P21 Prescribing lvacaftor in paediatric patients with cystic fibrosis (cf) in accordance with the clinical commissioning policy in an nhs trust

    2018-01-19T07:28:35-08:00

    Introduction CF is a genetic condition affecting more than 10 800 people in the UK. CF is caused by a mutation in the gene cystic fibrosis trans membrane conductance regulator (CFTR).Prior to the licensing of Ivacaftor, standard treatment for CF was to treat symptoms associated with CF but not the underlying cause. Ivacaftor targets the CFTR gene. Ivacaftor is funded by NHS England, if criteria outlined in the clinical commissioning policy is followed.1,2 Aim Ensure Ivacaftor is prescribed in adherence to guidance documented in the Clinical Commissioning Policy: Ivacaftor for CF (2012) and Clinical Commissioning Policy: Ivacaftor for children aged 2–5 years with CF, named mutations (2016).1,2 Standards 100% of Ivacaftor prescriptions will be for patients: 2 years of age or older Have a G55ID mutation 100% of patients will receive lung function test (6 years and older) and baseline sweat test 6 months prior to commencing treatment 100% of patients will receive a follow up sweat test/lung function test (6 years and older) at: Next routine appointment 6 months after starting treatment Annually thereafter 100% of patients who don’t attain an adequate treatment response will discontinue Ivacaftor Method Retrospective study investigated the prescribing of Ivacaftor in CF patients from March 2012 – June 2017 at an NHS trust. Ethics approval not required. List of patients prescribed Ivacaftor was obtained from the CF team. Patient age, mutation type, treatment start dates, lung function test results were obtained from medical notes. Dates and results of sweat tests were obtained from Sunquest ICE Desktop (electronic patient reporting system). Data analysed using Microsoft excel. Results Eight patients prescribed Ivacaftor at the NHS trust between March 2012–June 2017. Baseline sweat chloride data unavailable for one patient who was previously part of a clinical trial. This patient was excluded from standard 2, however maintained for the other standards as his annual sweat data was available. One patient was excluded from standard 3(a), five patients excluded from standard 3 (b), (c) as they had not yet reached this stage of treatment. Standard 4 was not evaluated as all patients to date were responding to treatment. Overall, all standards were completely met with a result of 100%. Discussion and conclusion Standards were completely met; highlighting a robust system ensuring all appropriate testing is adhered to, as failure to comply with the criteria in the clinical commissioning policy may contribute to pressure within the trust’s budget. Treatment response can also be appropriately determined. Recommendations Ensure data is inputted onto the[...]



    P22 Reducing the time that short stay surgical patients wait for discharge medication

    2018-01-19T07:28:35-08:00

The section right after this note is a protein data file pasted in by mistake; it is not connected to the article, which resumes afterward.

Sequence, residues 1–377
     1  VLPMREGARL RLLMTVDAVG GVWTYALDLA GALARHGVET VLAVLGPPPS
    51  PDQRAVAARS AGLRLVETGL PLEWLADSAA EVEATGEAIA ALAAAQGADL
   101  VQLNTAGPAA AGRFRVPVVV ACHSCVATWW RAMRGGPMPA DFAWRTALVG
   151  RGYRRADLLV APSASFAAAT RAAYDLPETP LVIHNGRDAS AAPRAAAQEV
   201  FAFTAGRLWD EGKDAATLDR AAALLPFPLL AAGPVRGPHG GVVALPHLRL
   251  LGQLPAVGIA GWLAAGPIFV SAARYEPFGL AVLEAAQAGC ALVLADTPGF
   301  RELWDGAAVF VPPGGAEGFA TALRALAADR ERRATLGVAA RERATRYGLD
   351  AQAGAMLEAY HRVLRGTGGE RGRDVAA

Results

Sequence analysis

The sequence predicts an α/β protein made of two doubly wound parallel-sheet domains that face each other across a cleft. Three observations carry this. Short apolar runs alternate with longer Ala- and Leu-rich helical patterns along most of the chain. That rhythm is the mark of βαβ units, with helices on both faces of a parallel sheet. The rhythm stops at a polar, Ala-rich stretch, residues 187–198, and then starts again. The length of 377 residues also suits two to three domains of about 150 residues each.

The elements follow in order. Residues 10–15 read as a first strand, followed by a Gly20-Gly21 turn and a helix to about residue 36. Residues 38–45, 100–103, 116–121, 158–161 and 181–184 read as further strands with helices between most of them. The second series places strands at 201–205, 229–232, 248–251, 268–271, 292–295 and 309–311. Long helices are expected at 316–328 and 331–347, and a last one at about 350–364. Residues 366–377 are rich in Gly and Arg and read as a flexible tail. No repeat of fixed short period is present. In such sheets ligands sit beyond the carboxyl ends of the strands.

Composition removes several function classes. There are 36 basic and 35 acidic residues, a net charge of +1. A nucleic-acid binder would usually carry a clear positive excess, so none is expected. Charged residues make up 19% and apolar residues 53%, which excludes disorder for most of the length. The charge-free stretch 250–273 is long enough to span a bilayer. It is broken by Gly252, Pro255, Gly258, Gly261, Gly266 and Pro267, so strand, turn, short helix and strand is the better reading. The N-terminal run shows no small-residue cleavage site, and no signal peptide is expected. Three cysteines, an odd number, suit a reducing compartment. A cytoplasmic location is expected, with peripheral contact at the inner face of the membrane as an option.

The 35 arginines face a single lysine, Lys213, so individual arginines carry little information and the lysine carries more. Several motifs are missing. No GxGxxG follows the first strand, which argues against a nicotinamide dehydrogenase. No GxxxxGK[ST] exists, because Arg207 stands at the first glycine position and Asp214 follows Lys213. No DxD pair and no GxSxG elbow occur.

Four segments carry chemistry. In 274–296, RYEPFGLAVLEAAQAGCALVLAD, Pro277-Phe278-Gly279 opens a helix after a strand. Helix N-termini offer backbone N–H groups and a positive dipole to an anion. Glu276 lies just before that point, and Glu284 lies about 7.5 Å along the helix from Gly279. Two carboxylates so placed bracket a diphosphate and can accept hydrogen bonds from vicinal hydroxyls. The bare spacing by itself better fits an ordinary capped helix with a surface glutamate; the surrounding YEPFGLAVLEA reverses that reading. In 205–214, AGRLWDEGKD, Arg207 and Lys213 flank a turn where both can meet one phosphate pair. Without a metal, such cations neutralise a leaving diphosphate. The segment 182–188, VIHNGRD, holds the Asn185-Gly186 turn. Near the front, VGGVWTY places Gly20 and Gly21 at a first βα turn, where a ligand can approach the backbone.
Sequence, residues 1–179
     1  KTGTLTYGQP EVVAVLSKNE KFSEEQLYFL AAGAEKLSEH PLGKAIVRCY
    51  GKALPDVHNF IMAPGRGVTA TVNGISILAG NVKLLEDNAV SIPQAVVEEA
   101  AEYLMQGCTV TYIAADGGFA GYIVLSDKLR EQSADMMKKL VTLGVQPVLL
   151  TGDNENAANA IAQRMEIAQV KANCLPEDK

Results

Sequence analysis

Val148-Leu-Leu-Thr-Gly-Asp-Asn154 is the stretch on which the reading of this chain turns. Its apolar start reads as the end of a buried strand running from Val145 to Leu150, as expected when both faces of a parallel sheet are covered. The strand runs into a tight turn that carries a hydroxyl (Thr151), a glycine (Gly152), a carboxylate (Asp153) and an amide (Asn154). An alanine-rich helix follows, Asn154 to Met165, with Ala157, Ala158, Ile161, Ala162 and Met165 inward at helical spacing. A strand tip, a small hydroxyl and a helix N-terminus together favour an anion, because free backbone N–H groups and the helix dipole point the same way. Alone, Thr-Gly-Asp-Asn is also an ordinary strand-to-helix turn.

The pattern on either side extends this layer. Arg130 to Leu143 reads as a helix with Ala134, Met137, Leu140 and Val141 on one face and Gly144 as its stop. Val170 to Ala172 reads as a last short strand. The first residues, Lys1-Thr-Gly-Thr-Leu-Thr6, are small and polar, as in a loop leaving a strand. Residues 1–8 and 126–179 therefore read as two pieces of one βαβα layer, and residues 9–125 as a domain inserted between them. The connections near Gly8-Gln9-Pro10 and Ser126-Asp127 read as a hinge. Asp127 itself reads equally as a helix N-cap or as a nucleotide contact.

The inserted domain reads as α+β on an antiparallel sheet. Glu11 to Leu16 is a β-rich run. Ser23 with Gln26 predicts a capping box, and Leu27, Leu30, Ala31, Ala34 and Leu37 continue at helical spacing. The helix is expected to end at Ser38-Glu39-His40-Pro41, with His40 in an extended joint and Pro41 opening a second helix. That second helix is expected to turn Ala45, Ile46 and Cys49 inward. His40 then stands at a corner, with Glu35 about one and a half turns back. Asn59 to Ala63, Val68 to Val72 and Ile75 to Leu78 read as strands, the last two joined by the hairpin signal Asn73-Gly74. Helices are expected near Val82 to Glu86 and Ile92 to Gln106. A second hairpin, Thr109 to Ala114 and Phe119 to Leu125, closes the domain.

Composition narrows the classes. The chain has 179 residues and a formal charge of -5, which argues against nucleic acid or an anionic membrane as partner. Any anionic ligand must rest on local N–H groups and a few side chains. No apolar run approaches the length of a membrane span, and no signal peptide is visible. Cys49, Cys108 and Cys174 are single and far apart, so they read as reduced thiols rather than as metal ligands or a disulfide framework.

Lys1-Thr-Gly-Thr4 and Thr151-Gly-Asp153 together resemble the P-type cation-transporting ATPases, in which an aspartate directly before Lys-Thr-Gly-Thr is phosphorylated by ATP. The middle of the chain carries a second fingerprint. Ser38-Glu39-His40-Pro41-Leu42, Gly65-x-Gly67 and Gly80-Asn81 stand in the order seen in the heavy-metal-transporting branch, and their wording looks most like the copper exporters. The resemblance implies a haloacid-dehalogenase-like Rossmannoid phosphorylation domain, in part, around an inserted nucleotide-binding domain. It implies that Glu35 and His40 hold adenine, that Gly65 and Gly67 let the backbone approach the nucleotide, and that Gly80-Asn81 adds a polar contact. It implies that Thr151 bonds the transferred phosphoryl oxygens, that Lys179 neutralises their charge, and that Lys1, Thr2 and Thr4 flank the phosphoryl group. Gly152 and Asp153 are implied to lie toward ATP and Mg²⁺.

Aim To reduce the amount of time that short stay surgical patients wait for their discharge medication. Method An audit was carried out during 1 week in September 2016 of all discharge prescriptions written on the paediatric surgical ward. It measured time taken for the prescription to be processed by pharmacy and the number of prescriptions for paracetamol and ibuprofen. An intervention was introduced in February 2017: Parents/carers of children coming in for elective surgery were instructed (as part of their pre-admission letter) to buy paracetamol and ibuprofen. Nursing staff also reminded parents/carers when the child was admitted, that they would need to have these medicines on discharge. When a discharge letter was written, patients were not given paracetamol and ibuprofen. They were given a dosing instruction letter completed by the pharmacist at point of clinical check. Provision was made to supply the medication if a parent/carer could not provide it. The letter and dosing were designed by a paediatric pharmacist in conjunction with a paediatric anaesthetist to ensure patients were discharged on optimal pain control.1 A re-audit was carried out over the course of 1 week in June 2017. Results In September 2016, a total of 37 prescriptions were written from the paediatric surgery ward over a 1 week period. The average (mean) time to dispense a prescription was 76 min (range 16–200 min). In June 2017, a total of 30 prescriptions were written over a 1 week period. The average (mean) time to dispense a prescription was 51 min (range 10–124 min). There was a reduction in the mean waiting time of 25 min but this did not reach statistical significance (p=0.3). In September 2016, 12 prescriptions (32%) were for elective patients for paracetamol and ibuprofen only. Average time to dispense these prescriptions was 70 min. In June 2017, 7 prescriptions (23%) were for elective patients for paracetamol and ibuprofen only and an instruction letter was issued on the ward. Average time to complete these prescriptions was 21 min. There was a reduction in the mean waiting time of 49 min which was statistically significant (p=0.001). Time was measured from the time the pharmacist was informed the prescription was ready, to the time the medication or letter was ready and on the ward. Conclusion Introduction of an instruction letter given to elective surgical patients on discharge appeared to lead to a shorter wait for discharge medication, although this was not statistically significant. A significant reduction in waiting time was seen for patients who were only prescribed paracetamol and ibuprofen and could be discharged without their prescription le[...]